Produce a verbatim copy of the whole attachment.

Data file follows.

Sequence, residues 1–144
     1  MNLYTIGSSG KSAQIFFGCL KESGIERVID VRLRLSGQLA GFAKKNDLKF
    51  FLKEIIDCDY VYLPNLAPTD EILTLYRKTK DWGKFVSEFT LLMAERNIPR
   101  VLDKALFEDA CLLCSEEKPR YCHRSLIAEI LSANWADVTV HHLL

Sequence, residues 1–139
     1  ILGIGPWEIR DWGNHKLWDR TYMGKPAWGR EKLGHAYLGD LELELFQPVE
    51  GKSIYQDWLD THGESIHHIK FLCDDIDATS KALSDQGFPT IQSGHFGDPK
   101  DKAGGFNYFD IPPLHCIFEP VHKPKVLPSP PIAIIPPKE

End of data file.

Sequence, residues 1–144
     1  MNLYTIGSSG KSAQIFFGCL KESGIERVID VRLRLSGQLA GFAKKNDLKF
    51  FLKEIIDCDY VYLPNLAPTD EILTLYRKTK DWGKFVSEFT LLMAERNIPR
   101  VLDKALFEDA CLLCSEEKPR YCHRSLIAEI LSANWADVTV HHLL

Sequence, residues 1–139
     1  ILGIGPWEIR DWGNHKLWDR TYMGKPAWGR EKLGHAYLGD LELELFQPVE
    51  GKSIYQDWLD THGESIHHIK FLCDDIDATS KALSDQGFPT IQSGHFGDPK
   101  DKAGGFNYFD IPPLHCIFEP VHKPKVLPSP PIAIIPPKE